When planning the length of each class session, there are several considerations: the attention span of the students, the difficulty of the skill they are learning, and the format of your program. If your program is divided into one- or two-week terms, longer class sessions are required or you may decide to shorten the curriculum. Conversely, if your program spans 8-10 weeks, short classsessions meeting 3-4 times per week are sufficient.
Finally, the most important aspect of time allocation is making sure that you do not try to give too much information to your students. Make sure that most of the class will be able to master the skills and information they are taught so they will feel successful and want to return to learn more!
How to Plan the CourseThere are five easy steps you can follow to create each course:1. Develop a course content.2. Develop a course outline.3. Develop a syllabus.4. Develop lesson plans.5. Develop a planning matrix.
The following pages explain these steps in greater detail. To illustrate the steps, we will describe the process for a learn-to-sail dinghy course that meets 3 1/2 hours per day, five days a week for seven weeks, and include the following examples:the syllabus for the first week, five daily lesson plans for that week and a matrix for the sevenweek program.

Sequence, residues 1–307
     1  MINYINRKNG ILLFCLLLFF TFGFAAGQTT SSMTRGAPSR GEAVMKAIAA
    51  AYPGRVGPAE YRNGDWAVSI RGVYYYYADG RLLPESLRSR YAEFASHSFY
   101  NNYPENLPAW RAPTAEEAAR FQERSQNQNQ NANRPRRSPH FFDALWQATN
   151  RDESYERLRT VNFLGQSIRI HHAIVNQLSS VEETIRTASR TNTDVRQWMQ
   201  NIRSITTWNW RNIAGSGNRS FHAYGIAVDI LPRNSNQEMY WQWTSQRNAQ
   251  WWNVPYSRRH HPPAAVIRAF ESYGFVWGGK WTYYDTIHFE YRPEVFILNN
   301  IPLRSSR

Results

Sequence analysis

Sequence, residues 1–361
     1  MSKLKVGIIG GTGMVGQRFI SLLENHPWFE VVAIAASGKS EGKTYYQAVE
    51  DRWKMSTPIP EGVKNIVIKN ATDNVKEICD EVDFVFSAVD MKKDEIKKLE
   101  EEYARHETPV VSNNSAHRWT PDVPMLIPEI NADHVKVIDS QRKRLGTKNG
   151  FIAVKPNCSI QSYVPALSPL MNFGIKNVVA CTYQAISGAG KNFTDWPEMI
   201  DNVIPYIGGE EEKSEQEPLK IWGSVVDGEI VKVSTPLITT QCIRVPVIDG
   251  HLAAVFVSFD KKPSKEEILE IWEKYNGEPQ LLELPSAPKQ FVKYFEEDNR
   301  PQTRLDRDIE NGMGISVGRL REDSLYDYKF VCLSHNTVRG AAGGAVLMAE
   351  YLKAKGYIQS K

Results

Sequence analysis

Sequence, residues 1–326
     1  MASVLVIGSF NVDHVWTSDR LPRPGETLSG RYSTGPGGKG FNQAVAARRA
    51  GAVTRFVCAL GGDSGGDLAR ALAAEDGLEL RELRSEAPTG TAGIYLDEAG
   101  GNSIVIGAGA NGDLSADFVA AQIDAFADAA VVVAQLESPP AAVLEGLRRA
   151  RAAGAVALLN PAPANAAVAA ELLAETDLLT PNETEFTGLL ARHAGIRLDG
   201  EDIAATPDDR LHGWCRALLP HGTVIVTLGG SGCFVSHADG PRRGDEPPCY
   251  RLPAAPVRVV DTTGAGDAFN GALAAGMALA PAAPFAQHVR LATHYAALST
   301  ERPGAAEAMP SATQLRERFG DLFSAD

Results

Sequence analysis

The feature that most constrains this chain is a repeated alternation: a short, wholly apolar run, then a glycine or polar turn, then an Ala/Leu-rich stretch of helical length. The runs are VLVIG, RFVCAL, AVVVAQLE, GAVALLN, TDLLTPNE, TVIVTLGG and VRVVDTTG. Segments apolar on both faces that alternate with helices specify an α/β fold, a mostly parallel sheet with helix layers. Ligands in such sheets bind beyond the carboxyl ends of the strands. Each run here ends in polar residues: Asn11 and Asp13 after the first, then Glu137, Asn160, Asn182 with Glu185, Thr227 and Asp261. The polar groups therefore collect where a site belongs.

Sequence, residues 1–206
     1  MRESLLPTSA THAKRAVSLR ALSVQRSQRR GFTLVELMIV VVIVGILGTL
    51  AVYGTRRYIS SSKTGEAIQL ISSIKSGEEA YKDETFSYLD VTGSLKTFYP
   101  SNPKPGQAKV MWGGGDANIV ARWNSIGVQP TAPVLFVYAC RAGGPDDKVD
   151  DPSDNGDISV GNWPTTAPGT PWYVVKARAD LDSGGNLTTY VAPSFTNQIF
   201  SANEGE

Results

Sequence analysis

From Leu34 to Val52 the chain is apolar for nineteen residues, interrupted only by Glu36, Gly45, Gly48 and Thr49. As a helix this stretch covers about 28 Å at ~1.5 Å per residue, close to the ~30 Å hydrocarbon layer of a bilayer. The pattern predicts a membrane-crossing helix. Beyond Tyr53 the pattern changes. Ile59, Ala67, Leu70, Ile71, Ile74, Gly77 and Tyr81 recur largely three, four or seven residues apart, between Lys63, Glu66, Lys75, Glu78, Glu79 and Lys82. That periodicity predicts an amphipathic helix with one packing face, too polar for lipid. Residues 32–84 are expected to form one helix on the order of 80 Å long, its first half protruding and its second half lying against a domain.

The examples show how to apportion out various topics into a logical progression. Remember this is only a model! If you need to plan a learn-to-boardsail course, or an intermediate sailing course, or a racing course, refer to the appropriate curriculum sections in the MPP. If your program has different time constraints, fit your course goals and topics into your time frame.
Course ContentDevelop a broad outline for a learn-to-sail dinghy course. Select the general topical areas that will satisfy the program goals. For recommended topics, refer to Section 8. Beginning Dinghy Sailing. Place the topics in order of importance. For example, swimming and safety should be placed first while nomenclature would be further down the list of priorities. When prioritizing keep in mind the goals and length of your course. An example of a course content would be: Swimming Skills Safety Skills Weather Self Rescue Skills Signals and Controls Boat Related Skills Boat Handling Drills Basic Rules of the Road Sportsmanship, Courtesy, and Other People’s Property Nomenclature